WASHINGTON, March 20 (Reuters) - The U.S. Supreme Court
ruled on Tuesday that states cannot be sued for money damages
for violating a key provision of a federal law that gives
workers time off for a serious medical condition, a decision
that could affect millions of state employees.
The high court by a 5-4 vote ruled that lawsuits against
states under the law were barred by state sovereign immunity,
rejecting state worker claims for money damages for violations
of a provision of the 1993 Family and Medical Leave Act.
At issue was the law's "self-care" provision that allows a
worker to take up to 12 weeks of unpaid time off to recover from
a serious illness or medical condition. There are about 5
million state workers in the nation.
The Supreme Court ruled in 2003 that states can be sued for
money damages under another provision of the law that allows
employees to take time off to care for a seriously ill family
But the high court's conservative majority ruled that the
self-care provision was different. It said it agreed with every
federal appeals court to have addressed the issue.
The Supreme Court's ruling was a defeat for a state
employee, Daniel Coleman, who worked for the Administrative
Office of the Courts for the Maryland judiciary.
He sued for money damages, claiming he was wrongly fired for
trying to take a 10-day medical leave in 2007 to deal with his
hypertension and diabetes.
A federal judge and a U.S. appeals court dismissed Coleman's
lawsuit, ruling the Constitution's 11th Amendment on state
sovereign immunity barred it.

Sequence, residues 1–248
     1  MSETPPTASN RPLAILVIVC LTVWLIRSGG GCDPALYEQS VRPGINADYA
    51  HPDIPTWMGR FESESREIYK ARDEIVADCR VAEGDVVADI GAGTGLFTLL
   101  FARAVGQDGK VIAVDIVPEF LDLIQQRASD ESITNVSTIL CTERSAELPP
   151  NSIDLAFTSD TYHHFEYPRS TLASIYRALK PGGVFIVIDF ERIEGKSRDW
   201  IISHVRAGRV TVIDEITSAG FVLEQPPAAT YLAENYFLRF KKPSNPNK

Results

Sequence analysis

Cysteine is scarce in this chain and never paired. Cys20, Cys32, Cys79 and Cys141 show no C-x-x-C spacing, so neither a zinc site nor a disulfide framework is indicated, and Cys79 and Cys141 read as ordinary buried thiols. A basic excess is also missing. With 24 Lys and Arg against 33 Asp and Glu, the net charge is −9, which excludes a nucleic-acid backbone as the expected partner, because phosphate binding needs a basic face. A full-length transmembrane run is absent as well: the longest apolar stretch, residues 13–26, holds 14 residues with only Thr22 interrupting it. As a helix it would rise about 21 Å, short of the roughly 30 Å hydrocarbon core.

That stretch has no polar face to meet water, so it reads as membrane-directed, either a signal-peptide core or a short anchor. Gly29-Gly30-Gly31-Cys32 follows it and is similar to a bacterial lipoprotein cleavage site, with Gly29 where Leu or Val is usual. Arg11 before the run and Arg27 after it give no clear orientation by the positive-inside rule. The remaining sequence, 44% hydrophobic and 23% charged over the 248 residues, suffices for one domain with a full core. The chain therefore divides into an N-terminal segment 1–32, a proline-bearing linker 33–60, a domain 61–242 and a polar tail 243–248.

Coleman's attorneys appealed to the Supreme Court and argued
the law represented a valid exercise of congressional power
under the 14th Amendment, nullifying the usual sovereign
immunity the states enjoy from lawsuits for money damages.
Maryland acknowledged that it cannot violate the law. But it
argued that it was constitutionally protected from such lawsuits
seeking money damages and that employees such as Coleman could
instead seek a court order reinstating them to their job.
In the court's main opinion, Justice Anthony Kennedy ruled
for the state, and the court's other conservatives either joined
his opinion or concurred in the outcome.
The court's four liberals dissented.
Justice Ruth Bader Ginsburg took the rare step of reading
part of her dissent from the bench and said the law was a proper
exercise of Congress' power to remedy the problem of workplace
"Congress adopted leave policies from which all could
benefit," she said. "The inqeuality Congress sought to overcome
seems to me well within the national legislature's authority to
Women's rights groups and the American Civil Liberties
Union denounced the ruling.
"Today's decision leaves women more vulnerable to sex
discrimination and elevates states' rights over a woman's right
to be free from unconstitutional sex discrimination, including
pregnancy discrimination," said Steven Shapiro, the ACLU's legal
The Supreme Court case is Coleman v. Court of Appeals of
Maryland, No. 10-1016.
For Coleman: Michael Foreman of The Civil Rights Appellate
Clinic at Pennsylvania State University.
For Maryland: John Howard, Deputy Attorney General of Maryland.
(Reporting by James Vicini)
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